A few random facts about this year's Westword Music Showcase lineup
The twentieth annual Westword Music Showcase is tomorrow. There are over 150 bands on the bill, which is a lot. Too many to see in a day. We've come up with a few ways of helping you make your decisions. But just in case you need a few more, we present an assortment of random facts about a random selection of bands playing this year's festival. See you tomorrow!
• The Belle Jar (2:15 p.m., 100% de Agave) frontman/singer/guitarist/banjoist/mandolinist/ukeleleist Ryan James recorded the band's debut album in 2011. He played every instrument on it himself, Stevie Wonder Innervisions-style. He also drinks champagne through Twizzlers.
• Nashville's Cherub (5:20 p.m., Main Stage) dropped a single with Boulder's Big Gigantic earlier this year titled "The Night Is Young." It has received more than 500,000 plays on SoundCloud.
See also: The Westword Music Showcase schedule
• Chimney Choir (3 p.m., Curious Theatre) rehearses in an architectural warehouse that stores everything from human-sized statues to the entire inside paneling of rooms.
• Despite the pop-cultural cachet of twins, there aren't too many bands that pull off the identical-bro game like The Dirty Few (5:15 p.m., Broadways). Brothers Seth and Spencer Stone made the move from Nashville to Denver nearly five years ago, but thankfully they haven't lost their drawls or their ability to put on a wild, reckless and booze-fueled live show.
• Rob Drabkin (3:00 p.m., Stoney's) graduated from Trinity College with degrees in biochemistry, molecular biology and Spanish. He says the only time he uses any of them is when he's ordering burritos.
• As frontman and bassist for the Swayback, Eric Halborg kept his hair shaggy. He's now focusing on the bluesier Dragondeer (2:15 p.m., Bar Standard), and he's switched to a slick pompadour. Regardless of his style, Halborg is still leading the sonic charge with his distinctly strong and hammering voice.
• Three of the members of Foxfield Four (3:45 p.m., Stoney's) are classically trained musicians. In 2007, lead singer David James won the Bristol-Myers Squibb Foundation's John Lennon Scholarship for Songwriters for his song "Alcohol.edu." It's about overindulging on college campuses.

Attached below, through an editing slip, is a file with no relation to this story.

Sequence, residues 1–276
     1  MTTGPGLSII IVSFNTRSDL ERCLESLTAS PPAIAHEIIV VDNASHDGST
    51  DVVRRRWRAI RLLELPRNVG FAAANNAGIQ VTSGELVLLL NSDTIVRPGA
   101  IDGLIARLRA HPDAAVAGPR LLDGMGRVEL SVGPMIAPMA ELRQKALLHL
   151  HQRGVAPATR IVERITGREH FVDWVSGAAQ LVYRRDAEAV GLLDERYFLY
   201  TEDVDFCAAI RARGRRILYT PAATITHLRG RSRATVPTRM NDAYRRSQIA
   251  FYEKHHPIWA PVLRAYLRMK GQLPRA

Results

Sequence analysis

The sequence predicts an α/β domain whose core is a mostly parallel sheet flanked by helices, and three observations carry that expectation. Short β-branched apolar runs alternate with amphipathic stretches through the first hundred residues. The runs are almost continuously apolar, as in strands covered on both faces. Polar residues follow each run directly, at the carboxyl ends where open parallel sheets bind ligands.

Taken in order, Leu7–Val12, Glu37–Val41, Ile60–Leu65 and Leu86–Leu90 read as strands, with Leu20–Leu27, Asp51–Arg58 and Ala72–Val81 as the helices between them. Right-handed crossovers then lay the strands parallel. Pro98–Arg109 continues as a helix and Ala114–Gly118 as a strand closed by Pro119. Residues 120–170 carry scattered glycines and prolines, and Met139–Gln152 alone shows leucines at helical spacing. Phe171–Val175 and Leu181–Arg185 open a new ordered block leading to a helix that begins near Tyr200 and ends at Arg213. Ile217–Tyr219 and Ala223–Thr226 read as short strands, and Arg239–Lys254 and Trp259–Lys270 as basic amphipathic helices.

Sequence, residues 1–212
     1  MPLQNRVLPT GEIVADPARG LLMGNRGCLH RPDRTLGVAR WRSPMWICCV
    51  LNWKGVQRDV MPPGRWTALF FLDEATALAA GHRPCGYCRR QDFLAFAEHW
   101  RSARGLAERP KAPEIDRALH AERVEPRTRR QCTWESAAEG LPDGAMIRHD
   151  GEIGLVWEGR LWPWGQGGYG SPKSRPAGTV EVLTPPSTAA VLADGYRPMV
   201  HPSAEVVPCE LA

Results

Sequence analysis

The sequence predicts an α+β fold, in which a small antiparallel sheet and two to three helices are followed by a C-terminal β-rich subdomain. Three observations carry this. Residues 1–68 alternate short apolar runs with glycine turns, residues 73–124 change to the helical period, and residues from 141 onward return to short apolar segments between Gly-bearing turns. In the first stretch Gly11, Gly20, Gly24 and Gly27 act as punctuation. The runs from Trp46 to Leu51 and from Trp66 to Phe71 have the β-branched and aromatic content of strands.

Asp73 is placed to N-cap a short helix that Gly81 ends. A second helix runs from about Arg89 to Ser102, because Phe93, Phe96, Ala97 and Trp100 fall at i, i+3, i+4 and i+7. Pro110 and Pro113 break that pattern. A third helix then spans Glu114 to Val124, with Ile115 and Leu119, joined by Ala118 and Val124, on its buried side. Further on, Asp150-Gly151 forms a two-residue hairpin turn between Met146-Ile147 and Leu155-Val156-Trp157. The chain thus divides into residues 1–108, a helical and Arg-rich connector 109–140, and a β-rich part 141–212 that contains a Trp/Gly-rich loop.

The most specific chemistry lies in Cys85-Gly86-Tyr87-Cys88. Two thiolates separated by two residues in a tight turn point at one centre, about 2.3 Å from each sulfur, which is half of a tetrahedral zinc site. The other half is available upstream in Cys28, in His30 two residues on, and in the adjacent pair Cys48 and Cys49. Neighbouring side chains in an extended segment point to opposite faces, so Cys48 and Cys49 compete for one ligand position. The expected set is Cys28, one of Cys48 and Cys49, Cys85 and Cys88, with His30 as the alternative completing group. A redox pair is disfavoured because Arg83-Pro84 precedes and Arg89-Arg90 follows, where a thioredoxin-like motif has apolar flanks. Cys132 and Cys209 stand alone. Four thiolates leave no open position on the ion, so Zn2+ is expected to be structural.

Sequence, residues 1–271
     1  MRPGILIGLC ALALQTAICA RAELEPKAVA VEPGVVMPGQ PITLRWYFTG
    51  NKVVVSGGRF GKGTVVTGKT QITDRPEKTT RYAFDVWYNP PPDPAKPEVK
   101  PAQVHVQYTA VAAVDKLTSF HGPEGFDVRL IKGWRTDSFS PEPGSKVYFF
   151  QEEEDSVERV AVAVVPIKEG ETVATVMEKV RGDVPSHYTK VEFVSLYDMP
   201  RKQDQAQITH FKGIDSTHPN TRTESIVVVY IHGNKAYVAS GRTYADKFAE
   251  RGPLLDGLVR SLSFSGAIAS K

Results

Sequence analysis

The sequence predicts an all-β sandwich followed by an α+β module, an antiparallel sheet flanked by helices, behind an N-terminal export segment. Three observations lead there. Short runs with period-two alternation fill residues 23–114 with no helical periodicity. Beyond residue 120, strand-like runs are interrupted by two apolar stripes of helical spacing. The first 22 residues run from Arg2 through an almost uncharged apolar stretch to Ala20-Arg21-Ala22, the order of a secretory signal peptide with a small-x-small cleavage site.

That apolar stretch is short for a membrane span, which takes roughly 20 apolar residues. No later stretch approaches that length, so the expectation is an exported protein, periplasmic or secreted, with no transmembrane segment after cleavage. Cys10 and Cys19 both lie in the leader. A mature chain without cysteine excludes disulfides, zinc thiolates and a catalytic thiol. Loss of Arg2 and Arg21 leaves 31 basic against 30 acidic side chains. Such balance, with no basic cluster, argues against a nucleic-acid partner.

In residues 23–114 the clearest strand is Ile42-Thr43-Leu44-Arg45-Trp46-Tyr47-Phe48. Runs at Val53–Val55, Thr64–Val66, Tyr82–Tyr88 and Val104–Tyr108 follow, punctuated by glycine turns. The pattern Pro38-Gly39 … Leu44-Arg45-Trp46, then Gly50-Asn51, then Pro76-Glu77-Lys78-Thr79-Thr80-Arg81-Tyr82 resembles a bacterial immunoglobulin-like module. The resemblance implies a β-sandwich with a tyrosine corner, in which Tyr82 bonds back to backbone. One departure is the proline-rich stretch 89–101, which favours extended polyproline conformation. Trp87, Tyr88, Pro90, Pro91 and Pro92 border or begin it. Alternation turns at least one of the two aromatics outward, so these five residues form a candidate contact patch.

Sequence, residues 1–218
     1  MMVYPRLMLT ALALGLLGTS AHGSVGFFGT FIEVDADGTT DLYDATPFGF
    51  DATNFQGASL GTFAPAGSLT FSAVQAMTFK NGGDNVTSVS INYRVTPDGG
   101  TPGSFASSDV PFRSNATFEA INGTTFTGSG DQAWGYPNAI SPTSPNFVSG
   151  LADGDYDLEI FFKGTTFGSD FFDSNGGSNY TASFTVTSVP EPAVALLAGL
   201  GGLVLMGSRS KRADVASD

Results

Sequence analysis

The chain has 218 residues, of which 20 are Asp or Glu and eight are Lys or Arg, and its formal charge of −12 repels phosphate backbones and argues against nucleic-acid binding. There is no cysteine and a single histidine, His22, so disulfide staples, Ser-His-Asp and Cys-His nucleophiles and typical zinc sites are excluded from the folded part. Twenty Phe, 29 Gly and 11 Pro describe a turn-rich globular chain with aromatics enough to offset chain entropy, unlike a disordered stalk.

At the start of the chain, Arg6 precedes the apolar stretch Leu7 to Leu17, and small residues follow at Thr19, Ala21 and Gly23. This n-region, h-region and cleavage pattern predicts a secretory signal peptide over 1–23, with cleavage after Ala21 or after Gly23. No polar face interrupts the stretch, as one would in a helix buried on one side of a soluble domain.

• Go Star (3:45 p.m., Dazzle) is master trumpeter Josh Trinidad's improvisational project. Trinidad isn't just a renowned player; he also created KUVO's Jazz Odyssey, a rare radio show that not only covers the genre's fifty-year history but also remains consistently interesting.
• In 2013, Hot Apostles (6 p.m., Stoney's) released a video for the song "Get It On," which features the sexiest classroom gyrating this side of Van Halen's "Hot for Teacher." Not to be missed is the scene in which bass player Bret Ahroon hands lead singer/sexy teacher Eryn Swissdorf a banana and she crushes it. Subtle.
• The lead song from the first EP by Inner Oceans (6 p.m., Bar Standard), "Read Your Ghost," was written by founder Griff Snyder in about five minutes. He then stayed up all night to complete the details of the song.
• iZCALLi (1:30 p.m., La Rumba) Leadman Miguel Avina started playing in his dad's band, El Cro, when his family lived in central Mexico. The band is named after their home town and includes Miguel's sister Brenda on bass.
• Better known in Denver for his vocal achievements as one of the fastest rising hip-hop acts coming out of Colorado, Turner Jackson (1:30 p.m., City Hall Amphitheatre) was once a weatherman in the U.S. Navy.